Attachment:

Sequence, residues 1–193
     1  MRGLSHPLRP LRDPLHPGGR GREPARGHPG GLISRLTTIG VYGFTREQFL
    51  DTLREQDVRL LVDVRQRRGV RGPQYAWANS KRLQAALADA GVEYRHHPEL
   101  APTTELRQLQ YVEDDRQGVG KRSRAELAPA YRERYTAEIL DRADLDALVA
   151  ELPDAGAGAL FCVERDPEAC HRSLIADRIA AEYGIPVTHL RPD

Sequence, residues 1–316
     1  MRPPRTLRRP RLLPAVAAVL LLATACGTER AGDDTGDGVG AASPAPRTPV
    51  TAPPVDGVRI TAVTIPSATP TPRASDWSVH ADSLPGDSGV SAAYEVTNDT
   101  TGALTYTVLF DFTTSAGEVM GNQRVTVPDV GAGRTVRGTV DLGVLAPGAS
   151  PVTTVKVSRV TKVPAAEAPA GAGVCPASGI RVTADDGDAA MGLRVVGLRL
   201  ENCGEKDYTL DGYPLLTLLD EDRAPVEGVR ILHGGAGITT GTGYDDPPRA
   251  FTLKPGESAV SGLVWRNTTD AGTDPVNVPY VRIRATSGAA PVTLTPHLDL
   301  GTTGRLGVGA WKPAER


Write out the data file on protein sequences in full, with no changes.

Sequence, residues 1–193
     1  MRGLSHPLRP LRDPLHPGGR GREPARGHPG GLISRLTTIG VYGFTREQFL
    51  DTLREQDVRL LVDVRQRRGV RGPQYAWANS KRLQAALADA GVEYRHHPEL
   101  APTTELRQLQ YVEDDRQGVG KRSRAELAPA YRERYTAEIL DRADLDALVA
   151  ELPDAGAGAL FCVERDPEAC HRSLIADRIA AEYGIPVTHL RPD

Sequence, residues 1–316
     1  MRPPRTLRRP RLLPAVAAVL LLATACGTER AGDDTGDGVG AASPAPRTPV
    51  TAPPVDGVRI TAVTIPSATP TPRASDWSVH ADSLPGDSGV SAAYEVTNDT
   101  TGALTYTVLF DFTTSAGEVM GNQRVTVPDV GAGRTVRGTV DLGVLAPGAS
   151  PVTTVKVSRV TKVPAAEAPA GAGVCPASGI RVTADDGDAA MGLRVVGLRL
   201  ENCGEKDYTL DGYPLLTLLD EDRAPVEGVR ILHGGAGITT GTGYDDPPRA
   251  FTLKPGESAV SGLVWRNTTD AGTDPVNVPY VRIRATSGAA PVTLTPHLDL
   301  GTTGRLGVGA WKPAER